+
(The abstracts for parts I and II, which were given in spring 2021, can be found [https://hilbert.math.wisc.edu/wiki/index.php/Graduate_Logic_Seminar,_previous_semesters#March_30_4PM_-_Alice_Vidrine here].)
  
=== March 9 - Noah Schweber ===
+
=== November 9 - Antonio Nákid Cordero ===
  
Title: Algebraic logic and algebraizable logics
+
=== November 23 - Antonio Nákid Cordero? ===
  
Abstract: Arguably the oldest theme in what we would recognize as "mathematical logic" is the algebraic interpretation of logic, the most famous example of this being the connection between (classical) propositional logic and Boolean algebras. But underlying the subject of algebraic logic is the implicit assumption that many logical systems are "satisfyingly" interpreted as algebraic structures. This naturally hints at a question, which to my knowledge went unasked for a surprisingly long time: when does a logic admit a "nice algebraic interpretation?"
+
=== December 7 - John Spoerl ===
  
Perhaps surprisingly, this is actually a question which can be made precise enough to treat with interesting results. I'll sketch what is probably the first serious result along these lines, due to Blok and Pigozzi, and then say a bit about where this aspect of algebraic logic has gone from there.
+
== Previous Years ==
 
 
=== March 16 - Spring break - No seminar ===
 
 
 
'''
 
== Due to the cancellation of face-to-face instruction in UW-Madison through at least April 10, the seminar is suspended until further notice ==
 
 
 
 
 
 
 
== Fall 2019 ==
 
 
 
=== September 5 - Organizational meeting ===
 
 
 
=== September 9 - No seminar ===
 
 
 
=== September 16 - Daniel Belin ===
 
Title: Lattice Embeddings of the m-Degrees and Second Order Arithmetic
 
 
 
Abstract: Lachlan, in a result later refined and clarified by Odifreddi, proved in 1970 that initial segments of the m-degrees can be embedded as an upper semilattice formed as the limit of finite distributive lattices. This allows us to show that the many-one degrees codes satisfiability in second-order arithmetic, due to a later result of Nerode and Shore. We will take a journey through Lachlan's rather complicated construction which sheds a great deal of light on the order-theoretic properties of many-one reducibility.
 
 
 
=== September 23 - Daniel Belin ===
 
 
 
Title: Lattice Embeddings of the m-Degrees and Second Order Arithmetic - Continued
 
 
 
=== September 30 - Josiah Jacobsen-Grocott ===
 
 
 
Title: Scott Rank of Computable Models
 
 
 
Abstract: Infinatary logic extends the notions of first order logic by allowing infinite formulas. Scott's Isomorphism Theorem states that any countable structure can be characterized up to isomorphism by a single countable sentence. Closely related to the complexity of this sentence is what is known as the Scott Rank of the structure. In this talk we restrict our attention to computable models and look at an upper bound on the Scott Rank of such structures.
 
 
 
=== October 7 - Josiah Jacobsen-Grocott ===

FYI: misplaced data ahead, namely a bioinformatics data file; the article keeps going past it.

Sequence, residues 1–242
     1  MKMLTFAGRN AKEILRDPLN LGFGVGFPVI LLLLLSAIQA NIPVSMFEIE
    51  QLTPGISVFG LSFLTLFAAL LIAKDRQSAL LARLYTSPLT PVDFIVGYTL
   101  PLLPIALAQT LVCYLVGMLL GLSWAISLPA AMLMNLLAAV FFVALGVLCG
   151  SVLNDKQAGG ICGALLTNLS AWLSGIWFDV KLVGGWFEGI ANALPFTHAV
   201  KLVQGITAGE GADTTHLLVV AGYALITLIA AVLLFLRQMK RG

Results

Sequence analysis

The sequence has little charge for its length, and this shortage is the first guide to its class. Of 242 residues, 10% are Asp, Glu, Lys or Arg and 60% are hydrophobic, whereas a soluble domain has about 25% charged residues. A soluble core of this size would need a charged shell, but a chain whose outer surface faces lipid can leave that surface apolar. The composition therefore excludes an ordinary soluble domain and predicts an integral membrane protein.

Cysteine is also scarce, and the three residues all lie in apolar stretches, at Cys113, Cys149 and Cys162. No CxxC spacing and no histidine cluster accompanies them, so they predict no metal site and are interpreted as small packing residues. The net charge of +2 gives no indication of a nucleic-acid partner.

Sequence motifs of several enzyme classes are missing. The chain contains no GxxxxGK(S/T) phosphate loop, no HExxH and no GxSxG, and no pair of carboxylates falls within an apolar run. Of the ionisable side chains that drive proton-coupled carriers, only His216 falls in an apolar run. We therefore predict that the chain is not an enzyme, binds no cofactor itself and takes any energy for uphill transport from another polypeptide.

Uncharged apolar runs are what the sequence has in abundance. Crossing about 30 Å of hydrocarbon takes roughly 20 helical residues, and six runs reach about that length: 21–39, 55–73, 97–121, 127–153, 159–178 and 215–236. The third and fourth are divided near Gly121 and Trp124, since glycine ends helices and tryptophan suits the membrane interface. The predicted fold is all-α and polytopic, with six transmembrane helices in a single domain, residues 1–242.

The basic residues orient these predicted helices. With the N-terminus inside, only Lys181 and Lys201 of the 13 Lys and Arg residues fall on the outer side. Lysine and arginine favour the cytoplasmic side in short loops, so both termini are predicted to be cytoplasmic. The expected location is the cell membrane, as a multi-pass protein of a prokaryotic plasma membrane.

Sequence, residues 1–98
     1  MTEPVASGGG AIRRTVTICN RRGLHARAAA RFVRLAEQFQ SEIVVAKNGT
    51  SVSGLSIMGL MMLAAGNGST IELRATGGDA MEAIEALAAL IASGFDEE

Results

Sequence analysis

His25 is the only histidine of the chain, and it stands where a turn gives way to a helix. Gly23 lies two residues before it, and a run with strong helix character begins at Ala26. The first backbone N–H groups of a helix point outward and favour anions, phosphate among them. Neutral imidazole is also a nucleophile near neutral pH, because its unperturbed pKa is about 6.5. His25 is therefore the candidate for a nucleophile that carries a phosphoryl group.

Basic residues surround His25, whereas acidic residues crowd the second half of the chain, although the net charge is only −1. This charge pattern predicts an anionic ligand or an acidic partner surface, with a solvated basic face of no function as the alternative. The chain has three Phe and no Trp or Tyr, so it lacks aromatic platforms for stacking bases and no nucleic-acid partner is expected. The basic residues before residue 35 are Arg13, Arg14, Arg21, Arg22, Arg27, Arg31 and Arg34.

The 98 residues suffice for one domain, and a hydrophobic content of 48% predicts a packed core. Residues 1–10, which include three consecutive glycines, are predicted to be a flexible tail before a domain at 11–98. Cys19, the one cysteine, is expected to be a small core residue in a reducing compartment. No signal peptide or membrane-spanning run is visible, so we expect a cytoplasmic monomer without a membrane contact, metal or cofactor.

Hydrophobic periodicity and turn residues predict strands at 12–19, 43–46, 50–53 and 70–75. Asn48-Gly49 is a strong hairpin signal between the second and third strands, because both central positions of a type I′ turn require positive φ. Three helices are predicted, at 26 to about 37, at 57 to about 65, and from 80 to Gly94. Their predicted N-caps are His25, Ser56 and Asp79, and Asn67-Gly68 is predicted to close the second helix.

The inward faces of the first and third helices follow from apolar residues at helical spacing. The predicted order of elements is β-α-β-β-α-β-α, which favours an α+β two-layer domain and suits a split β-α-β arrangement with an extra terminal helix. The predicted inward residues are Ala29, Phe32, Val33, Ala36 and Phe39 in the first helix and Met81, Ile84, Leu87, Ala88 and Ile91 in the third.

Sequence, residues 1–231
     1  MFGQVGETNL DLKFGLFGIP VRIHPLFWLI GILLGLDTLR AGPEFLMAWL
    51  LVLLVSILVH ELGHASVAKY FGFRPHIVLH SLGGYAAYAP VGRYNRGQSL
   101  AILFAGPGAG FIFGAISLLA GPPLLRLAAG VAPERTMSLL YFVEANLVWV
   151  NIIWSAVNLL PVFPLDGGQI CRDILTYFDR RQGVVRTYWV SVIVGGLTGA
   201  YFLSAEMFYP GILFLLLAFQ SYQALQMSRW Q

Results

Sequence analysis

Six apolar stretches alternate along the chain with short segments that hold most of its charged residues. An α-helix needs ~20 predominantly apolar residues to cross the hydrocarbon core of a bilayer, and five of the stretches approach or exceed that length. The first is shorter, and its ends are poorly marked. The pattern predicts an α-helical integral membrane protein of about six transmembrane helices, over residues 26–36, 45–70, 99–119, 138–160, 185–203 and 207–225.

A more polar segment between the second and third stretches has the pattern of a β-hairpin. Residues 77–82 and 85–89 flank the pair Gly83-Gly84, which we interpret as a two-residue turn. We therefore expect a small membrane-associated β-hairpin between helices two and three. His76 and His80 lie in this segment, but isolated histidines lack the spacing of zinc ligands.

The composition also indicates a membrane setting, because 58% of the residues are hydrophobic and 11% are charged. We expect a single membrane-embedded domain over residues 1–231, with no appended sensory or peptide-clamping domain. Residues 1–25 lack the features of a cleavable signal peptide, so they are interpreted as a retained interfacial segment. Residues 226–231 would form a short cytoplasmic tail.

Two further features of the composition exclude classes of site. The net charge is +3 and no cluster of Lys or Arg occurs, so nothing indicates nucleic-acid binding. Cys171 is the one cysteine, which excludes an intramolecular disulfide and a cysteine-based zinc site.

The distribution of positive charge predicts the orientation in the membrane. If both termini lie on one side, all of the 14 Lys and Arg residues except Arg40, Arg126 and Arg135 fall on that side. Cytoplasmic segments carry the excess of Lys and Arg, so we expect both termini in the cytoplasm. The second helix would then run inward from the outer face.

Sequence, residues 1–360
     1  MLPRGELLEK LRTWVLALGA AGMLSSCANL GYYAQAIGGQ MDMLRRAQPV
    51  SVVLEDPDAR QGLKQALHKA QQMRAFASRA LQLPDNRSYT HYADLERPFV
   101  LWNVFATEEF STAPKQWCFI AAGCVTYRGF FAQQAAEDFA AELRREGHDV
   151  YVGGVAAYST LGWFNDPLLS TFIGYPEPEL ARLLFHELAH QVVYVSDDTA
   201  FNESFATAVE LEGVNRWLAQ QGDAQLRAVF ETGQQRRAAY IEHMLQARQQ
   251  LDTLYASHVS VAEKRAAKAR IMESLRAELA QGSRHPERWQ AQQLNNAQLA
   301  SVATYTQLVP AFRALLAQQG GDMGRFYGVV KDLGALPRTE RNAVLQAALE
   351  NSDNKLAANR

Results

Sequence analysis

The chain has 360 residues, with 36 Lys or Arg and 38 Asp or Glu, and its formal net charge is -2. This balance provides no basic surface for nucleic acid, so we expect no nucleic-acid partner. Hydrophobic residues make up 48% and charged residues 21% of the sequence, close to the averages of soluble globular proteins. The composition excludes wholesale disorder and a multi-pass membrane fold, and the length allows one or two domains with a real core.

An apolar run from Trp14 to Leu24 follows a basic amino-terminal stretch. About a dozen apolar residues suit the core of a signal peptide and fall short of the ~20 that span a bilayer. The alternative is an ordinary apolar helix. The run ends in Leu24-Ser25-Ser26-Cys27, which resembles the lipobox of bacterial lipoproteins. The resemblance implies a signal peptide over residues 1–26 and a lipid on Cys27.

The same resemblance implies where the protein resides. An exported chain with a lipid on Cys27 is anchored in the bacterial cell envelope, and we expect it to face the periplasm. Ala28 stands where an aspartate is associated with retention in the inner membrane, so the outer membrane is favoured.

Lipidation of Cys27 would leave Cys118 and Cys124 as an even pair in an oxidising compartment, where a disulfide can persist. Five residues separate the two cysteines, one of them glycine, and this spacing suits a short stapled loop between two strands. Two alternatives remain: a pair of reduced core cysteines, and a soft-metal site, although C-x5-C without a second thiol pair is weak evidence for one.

Title: Scott Rank of Computable Codels - Continued
 
 
 
=== October 14 - Tejas Bhojraj ===
 
 
 
Title: Solovay and Schnorr randomness for infinite sequences of qubits.
 
 
 
Abstract : We define Solovay and Schnorr randomness in the quantum setting. We then prove quantum versions of the law of large numbers and of the Shannon McMillan Breiman theorem (only for the iid case) for quantum Schnorr randoms.
 
 
 
=== October 23 - Tejas Bhojraj ===
 
 
 
Title: Solovay and Schnorr randomness for infinite sequences of qubits - continued
 
 
 
Unusual time and place: Wednesday October 23, 4:30pm, Van Vleck B321.
 
 
 
=== October 28 - Two short talks ===
 
 
 
'''Iván Ongay Valverde''' - Exploring different versions of the Semi-Open Coloring Axiom (SOCA)
 
 
 
In 1985, Avraham, Rubin and Shelah published an article where they introduced different coloring axioms. The weakest of them, the Semi-Open Coloring Axiom (SOCA), states that given an uncountable second countable metric space, $E$, and $W\subseteq E^{\dagger}:=E\times E\setminus \{(x, x) :x \in E\}$ open and symmetric, there is an uncountable subset $H\subseteq E$ such that either $H^{\dagger}\subseteq W$ or $H^{\dagger}\cap W=\emptyset$. We say that $W$ is an open coloring and $H$ is a homogeneous subset of $E$. This statement contradicts CH but, as shown also by Avraham, Rubin and Shelah, it is compatible with the continuum taking any other size. This classic paper leaves some questions open (either in an implicit or an explicit way):
 
 
 
- Is the axiom weaker if we demand that $W$ is clopen?
 
- If the continuum is bigger than $\aleph_2$, can we ask that $H$ has the same size as $E$?
 
- Can we expand this axiom to spaces that are not second countable and metric?
 
 
 
These questions lead to different versions of SOCA. In this talk, we will analyze how they relate to the original axiom.
 
 
 
'''James Earnest Hanson''' - Strongly minimal sets in continuous logic
 
 
 
The precise structural understanding of uncountably categorical theories given by the proof of the Baldwin-Lachlan theorem is known to fail in continuous logic in the context of inseparably categorical theories. The primary obstacle is the absence of strongly minimal sets in some inseparably categorical theories. We will develop the concept of strongly minimal sets in continuous logic and discuss some common conditions under which they are present in an $\omega$-stable theory. Finally, we will examine the extent to which we recover a Baldwin-Lachlan style characterization in the presence of strongly minimal sets.
 
 
 
=== November 4 - Two short talks ===
 
 
 
'''Manlio Valenti''' - The complexity of closed Salem sets (20 minutes version)
 
 
 
A central notion in geometric measure theory is the one of Hausdorff dimension. As a consequence of Frostman's lemma, the Hausdorff dimension of a Borel subset A of the Euclidean n-dimensional space can be determined by looking at the behaviour of probability measures with support in A. The possibility to apply methods from Fourier analysis to estimate the Hausdorff dimension gives birth to the notion of Fourier dimension. It is known that, for Borel sets, the Fourier dimension is less than or equal to the Hausdorff dimension. The sets for which the two notions agree are called Salem sets.
 
<br/>
 
In this talk we will study the descriptive complexity of the family of closed Salem subsets of the real line.